Yours, Anne

Date 16th June 2014
Society Jewish Theatre Group Manchester
Venue St Monica's Sixth Form Studio Theatre
Type of Production Musical
Director John Flay
Musical Director Marilyn Blank


Author: Kevin Proctor

In this rarely produced musical version of; "The Diary of Anne Frank," Enid Futterman's lyrics and Michael Cohen's music are beautifully complemented with Anne Frank's enduring commentary on coming of age in captivity during the Nazi occupation of Amsterdam.
Saying that, I found the score to be quite monotonous as a whole and for me, the score is the shows biggest let down - I can see why this musical hasn’t become as popular as hoped when originally conceived.

As the’ Anne Frank Diary’ is a part of the educational curriculum, understandably, the telling of this piece is geared to audiences of all ages while still being able to impact a high powered sense of fear and suspense, it certainly doesn’t feel as though it’s had the edges softened to be made child friendly.

We begin with two families’ whose worlds are turned upside-down as the Nazis begin cracking down on the Jewish population. To avoid being rounded up and sent to the concentration camps, the Franks and the Van Daans hide and stay secretly hidden in cramped quarters above a print shop. They're joined by dentist Mr. Pfeffer soon after.

The JTC billed this production as ‘a drama with music’ which, with not much surprise, was what I was expecting. The production was in fact (no matter which way you look at it) a musical; 95% (give or take) of the production is sung - the players converse, narrate and convey their inner thoughts and emotions through song, we have a mix of ensemble numbers, solos and duets - there is very little dialogue so that instantly takes it out of the ‘drama’ classification when it comes down to the type of production in hand. Granted – it’s not a frivolous "song-and-dance" musical, but not all of them are! If it needed to be billed as anything; ‘Anne Frank’s Diary put to music’ would have been more accurate. I appreciate that how you bill a production is often stipulated by the licence holder but nonetheless, this was an inaccurate example of the shows genre. This may seem a minor point but how you bill a production will decipher who your audience are, and if they expect one thing but get another – it may not always be in the favour of the production. 

As well as being a piece of factual history, ‘Yours, Anne’ is also an educational piece for a non-Jewish audience; for an insight into Jewish celebrations, the ambient "First Chanukah Night," tells and teaches us of this religious holiday, whilst it did feel like a bit of welcome light relief (pun intended) the fear and uncertainty of tomorrow still rung through.
The set worked nicely having the split levels, the attention to detail amongst the props, costumes and set décor was authentic.  Having the projection worked nicely and wasn’t overdone and I particularly appreciated the radio announcement at the start of the show for the audiences benefit which was a creative and effective touch.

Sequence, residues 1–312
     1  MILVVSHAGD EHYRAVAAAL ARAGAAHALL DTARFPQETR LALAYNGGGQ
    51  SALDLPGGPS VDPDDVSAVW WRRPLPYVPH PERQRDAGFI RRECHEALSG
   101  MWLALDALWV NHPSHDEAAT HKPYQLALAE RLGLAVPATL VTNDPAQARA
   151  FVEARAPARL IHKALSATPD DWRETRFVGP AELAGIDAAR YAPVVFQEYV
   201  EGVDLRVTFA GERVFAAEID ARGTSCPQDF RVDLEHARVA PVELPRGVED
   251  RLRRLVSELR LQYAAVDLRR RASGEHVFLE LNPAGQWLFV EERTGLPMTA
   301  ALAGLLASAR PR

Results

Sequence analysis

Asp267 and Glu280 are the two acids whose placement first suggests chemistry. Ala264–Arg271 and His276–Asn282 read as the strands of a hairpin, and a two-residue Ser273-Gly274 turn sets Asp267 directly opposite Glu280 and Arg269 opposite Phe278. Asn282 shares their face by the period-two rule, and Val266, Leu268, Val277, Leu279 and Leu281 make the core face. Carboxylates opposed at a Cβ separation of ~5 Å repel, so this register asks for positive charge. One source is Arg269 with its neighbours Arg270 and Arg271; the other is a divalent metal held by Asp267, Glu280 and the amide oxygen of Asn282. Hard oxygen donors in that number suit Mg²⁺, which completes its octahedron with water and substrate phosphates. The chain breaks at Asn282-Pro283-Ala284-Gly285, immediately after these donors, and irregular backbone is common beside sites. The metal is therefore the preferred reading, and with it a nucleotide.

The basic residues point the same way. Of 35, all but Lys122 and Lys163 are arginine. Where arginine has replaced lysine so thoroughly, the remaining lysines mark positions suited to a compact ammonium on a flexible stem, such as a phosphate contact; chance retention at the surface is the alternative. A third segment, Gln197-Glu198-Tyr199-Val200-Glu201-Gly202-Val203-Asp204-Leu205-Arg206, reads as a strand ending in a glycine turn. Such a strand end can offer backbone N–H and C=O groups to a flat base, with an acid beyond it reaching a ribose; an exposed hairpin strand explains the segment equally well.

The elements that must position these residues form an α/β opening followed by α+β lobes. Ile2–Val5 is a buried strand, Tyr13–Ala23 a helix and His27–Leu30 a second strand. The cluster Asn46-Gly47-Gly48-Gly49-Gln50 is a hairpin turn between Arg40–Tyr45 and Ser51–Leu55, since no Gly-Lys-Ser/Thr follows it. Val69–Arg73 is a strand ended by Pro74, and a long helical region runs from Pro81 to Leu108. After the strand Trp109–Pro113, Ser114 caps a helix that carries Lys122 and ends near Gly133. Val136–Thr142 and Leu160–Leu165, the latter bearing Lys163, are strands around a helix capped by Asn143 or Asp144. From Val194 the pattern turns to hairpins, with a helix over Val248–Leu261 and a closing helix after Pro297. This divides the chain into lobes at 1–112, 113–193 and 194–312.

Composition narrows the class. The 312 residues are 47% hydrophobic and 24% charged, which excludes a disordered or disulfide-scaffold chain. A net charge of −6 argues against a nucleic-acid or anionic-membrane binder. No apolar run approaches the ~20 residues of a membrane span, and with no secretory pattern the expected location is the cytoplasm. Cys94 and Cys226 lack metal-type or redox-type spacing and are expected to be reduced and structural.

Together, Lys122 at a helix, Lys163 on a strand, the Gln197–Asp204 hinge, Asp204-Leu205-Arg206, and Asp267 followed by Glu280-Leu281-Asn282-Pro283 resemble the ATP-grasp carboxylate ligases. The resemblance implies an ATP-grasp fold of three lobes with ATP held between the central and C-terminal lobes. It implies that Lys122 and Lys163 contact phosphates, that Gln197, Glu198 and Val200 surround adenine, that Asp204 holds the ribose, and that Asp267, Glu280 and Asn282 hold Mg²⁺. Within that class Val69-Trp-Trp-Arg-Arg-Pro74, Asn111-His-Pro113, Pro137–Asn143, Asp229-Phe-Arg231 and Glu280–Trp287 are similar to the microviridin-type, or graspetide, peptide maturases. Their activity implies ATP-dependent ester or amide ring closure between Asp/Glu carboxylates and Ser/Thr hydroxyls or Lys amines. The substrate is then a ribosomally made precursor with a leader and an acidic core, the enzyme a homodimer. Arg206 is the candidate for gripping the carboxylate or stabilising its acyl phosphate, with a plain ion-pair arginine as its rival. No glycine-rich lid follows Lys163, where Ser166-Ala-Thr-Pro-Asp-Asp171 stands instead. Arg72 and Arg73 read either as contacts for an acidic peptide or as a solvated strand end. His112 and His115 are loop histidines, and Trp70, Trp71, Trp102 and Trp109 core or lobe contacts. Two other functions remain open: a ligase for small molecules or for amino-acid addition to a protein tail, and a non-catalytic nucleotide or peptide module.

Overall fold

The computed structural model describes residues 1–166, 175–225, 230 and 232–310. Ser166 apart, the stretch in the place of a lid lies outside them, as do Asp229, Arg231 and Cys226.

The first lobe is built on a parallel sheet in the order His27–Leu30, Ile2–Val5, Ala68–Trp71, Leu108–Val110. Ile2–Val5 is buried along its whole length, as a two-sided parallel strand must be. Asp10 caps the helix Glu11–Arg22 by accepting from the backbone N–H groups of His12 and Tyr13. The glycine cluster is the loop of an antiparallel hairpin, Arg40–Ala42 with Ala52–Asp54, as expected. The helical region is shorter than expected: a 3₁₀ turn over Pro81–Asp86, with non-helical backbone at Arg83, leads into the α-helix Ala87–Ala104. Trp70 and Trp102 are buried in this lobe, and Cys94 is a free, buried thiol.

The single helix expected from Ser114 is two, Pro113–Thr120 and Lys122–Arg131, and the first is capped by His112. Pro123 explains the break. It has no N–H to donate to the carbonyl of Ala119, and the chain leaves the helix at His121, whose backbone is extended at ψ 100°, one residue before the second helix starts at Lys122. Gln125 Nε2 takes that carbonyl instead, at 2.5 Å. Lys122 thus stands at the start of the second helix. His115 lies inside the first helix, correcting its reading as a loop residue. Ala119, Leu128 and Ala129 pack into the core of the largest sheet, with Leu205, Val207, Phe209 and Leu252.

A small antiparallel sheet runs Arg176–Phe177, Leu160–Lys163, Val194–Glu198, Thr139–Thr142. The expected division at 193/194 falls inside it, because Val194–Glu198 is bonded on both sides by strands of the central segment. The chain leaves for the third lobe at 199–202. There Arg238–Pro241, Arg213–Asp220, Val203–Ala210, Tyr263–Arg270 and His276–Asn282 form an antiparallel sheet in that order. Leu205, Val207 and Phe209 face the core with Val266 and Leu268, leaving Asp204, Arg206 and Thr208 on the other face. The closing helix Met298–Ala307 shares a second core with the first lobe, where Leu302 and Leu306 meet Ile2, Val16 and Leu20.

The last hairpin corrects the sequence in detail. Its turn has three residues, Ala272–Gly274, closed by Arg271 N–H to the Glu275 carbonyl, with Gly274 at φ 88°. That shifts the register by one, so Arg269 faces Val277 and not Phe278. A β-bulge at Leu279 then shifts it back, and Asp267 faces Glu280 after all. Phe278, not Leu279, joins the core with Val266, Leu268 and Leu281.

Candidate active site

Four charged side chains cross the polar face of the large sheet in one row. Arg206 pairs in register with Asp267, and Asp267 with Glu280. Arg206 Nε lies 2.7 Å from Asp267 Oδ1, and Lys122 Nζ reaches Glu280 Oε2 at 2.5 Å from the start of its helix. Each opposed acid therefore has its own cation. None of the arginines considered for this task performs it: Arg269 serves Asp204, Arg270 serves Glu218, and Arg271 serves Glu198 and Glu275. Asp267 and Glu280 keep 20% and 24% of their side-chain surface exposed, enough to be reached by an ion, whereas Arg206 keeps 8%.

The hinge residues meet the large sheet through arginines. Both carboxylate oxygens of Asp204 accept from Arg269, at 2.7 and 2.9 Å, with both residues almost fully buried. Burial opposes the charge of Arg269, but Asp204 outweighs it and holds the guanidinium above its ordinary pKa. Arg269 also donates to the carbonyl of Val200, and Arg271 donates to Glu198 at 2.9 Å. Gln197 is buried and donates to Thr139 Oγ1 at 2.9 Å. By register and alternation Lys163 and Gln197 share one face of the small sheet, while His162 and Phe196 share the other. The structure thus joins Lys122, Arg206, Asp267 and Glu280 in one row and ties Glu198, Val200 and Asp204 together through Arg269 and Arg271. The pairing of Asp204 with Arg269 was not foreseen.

I could see that the right mood was presented with the lighting design though the practicalities of this technical department did need improvements as performers were not lit when they should have been and areas of action were often in complete darkness, which I’m confident was not the intention.

John Flay directs a fine cast, Jennifer Simmons as Margot (Anne’s older sister) gave a very modest performance, Jennifer outstandingly stood her own ground during her number and displayed her talent as an excellent actress and vocalist yet didn’t pull focus in any way throughout any other part of the show which, for me, always speaks volumes as an understanding and profound performer, “Margot’s Song” was indeed a highlight for me.

Debra Harris gave a moving performance as Anne and delivered the qualities needed for this role, carrying the evening with expert ability.  Debra injected the sense of positivity which is crucial in this telling and conveyed the vulnerability of the iconic individual very well.  As is so easily done when portraying an adolescent , a tendency to appear slightly stagey can creep up to the surface, however, this was only very slight but noticeable nonetheless which is my only (small) criticism of this performance - Still, I cannot deny this was a very moving and intelligent enactment of high calibre. 

Also working incredibly hard was the out-of-sight Musical Director providing the accompanying music, Marilyn Blank was the string (and indeed the bow on top) tightly holding this production together, a sterling job.  
Only a piano was used to accompany the songs, letting the drama of the lyrics speak for themselves.

Something different, experimental, poignant, educational and moving – Congratulations JTC.